Jim Basala: Technology has changed and will continue to change how we operate. We continue to market more and more through our web site and social media. Our mobile web site version continues to grow in popularity. Our guests access our information more and more through their smart phones. How we continue to interact with our guests is primarily a function of how many resources we are able to commit to keeping up with and managing that technology. Operationally, we are able to access more and more data through our mobile devices on how the park is running. Whether it’s attendance, water temperature or chlorine levels, staff is able to access that information at any time no matter where they are. Moving forward we will continue to gain efficiencies by becoming more connected to our park and to our customer base.
Kristie Moses: I think an area for improvement in technology in waterpark operations is going to be felt in the maintenance area with new guidelines for water treatment, etc. coming out of the MAHC. I think older parks are also going to be looking for cost effective solutions for maintaining and updating older rides and creative ways to expand in smaller footprints.
What is one practice or idea that you think would help make the industry stronger?
Mike Fijas: I think that we need to really advocate adult supervision of small children at all water facilities. Too many children are left to fend for themselves at parks and pools because parents think that the lifeguards will take care of their kids. If we can improve safety at our facilities, we are all better for it.
Lori Gogel: I would like operators to continue to look to each other for advice and support and not as competition.
Tim Morrow: I think in our industry the sharing of best practices like many of us are doing right now at the World Waterpark Association Symposium is making the industry stronger and safer. The waterpark industry is very open when it comes to sharing newer and better ways of doing things. Leaders from different parks and different companies from all over the world learn from each other and develop relationships that prove to be invaluable. Learning from each other in aspects of safety, operations, revenue and more, and the spirit of openness is what keeps our industry strong and moving forward on all fronts.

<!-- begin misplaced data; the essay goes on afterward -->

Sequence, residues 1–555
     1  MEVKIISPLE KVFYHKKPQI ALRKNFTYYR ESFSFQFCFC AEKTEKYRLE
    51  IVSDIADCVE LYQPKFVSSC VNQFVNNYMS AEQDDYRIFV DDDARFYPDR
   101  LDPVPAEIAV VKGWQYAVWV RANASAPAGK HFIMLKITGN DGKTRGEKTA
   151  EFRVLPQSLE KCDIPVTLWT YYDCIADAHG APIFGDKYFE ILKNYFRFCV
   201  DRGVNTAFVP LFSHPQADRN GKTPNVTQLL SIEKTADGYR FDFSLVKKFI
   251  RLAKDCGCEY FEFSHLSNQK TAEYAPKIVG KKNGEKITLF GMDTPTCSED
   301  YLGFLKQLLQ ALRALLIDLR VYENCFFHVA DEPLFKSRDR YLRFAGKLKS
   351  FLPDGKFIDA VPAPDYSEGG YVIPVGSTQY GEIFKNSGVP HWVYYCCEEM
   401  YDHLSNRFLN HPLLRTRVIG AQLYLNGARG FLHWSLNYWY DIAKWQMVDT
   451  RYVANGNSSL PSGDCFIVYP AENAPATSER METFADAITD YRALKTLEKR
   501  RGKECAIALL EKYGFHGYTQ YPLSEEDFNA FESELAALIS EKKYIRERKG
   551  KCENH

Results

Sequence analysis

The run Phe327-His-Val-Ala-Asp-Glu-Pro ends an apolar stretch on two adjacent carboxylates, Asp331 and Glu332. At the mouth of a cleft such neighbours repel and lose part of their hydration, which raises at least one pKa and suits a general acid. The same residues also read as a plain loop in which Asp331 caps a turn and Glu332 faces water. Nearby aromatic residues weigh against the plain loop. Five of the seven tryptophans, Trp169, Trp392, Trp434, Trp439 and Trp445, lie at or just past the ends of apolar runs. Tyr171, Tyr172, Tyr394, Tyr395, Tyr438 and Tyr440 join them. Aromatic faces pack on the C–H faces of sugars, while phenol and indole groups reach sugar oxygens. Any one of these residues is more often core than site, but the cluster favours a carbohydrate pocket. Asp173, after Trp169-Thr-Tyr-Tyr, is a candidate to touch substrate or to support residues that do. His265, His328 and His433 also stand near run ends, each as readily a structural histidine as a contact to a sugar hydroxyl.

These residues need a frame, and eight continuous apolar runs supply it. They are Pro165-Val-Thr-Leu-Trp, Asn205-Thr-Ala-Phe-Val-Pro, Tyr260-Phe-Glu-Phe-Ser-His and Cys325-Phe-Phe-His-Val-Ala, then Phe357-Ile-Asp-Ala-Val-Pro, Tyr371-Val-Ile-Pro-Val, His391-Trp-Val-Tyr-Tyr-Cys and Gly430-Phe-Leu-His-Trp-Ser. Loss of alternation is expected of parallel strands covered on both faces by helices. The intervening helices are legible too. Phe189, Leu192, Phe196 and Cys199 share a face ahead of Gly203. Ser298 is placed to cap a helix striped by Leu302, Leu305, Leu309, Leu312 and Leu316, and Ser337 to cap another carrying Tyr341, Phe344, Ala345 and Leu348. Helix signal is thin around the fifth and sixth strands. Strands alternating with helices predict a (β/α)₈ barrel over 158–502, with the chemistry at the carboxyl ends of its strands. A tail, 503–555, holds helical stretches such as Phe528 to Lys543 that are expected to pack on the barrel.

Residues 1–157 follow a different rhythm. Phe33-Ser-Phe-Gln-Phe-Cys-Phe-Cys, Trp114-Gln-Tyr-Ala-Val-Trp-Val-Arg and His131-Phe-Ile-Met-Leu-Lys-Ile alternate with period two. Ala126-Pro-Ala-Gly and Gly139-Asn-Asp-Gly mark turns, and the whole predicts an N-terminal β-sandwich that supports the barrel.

Jim Basala: I believe the most important concept is, as it has been, the sharing of ideas and knowledge between operators. Whether through online forums or at the annual WWA show our businesses stay robust by working together to build a strong water attractions industry. We may compete locally but together we continue to build a very strong and vigorous industry.
Kristie Moses: For the Waterpark Resorts specifically, the more cross training that can be done between the theme park/waterpark operations leaders and the hotel leaders will make us all stronger. For growth in our leadership in this particular sector more of our park operations people need to become educated about the hotel business and vice versa. Coming from an amusement background afforded me the opportunity to have a very solid foundation in safety, guest service, and general logistics and operations, but as I transition into leadership positions on the hotel side I am needing to learn more about the sales and marketing areas, revenue management and overall direction of the business end of the hotel in order to best support our financial success on both sides.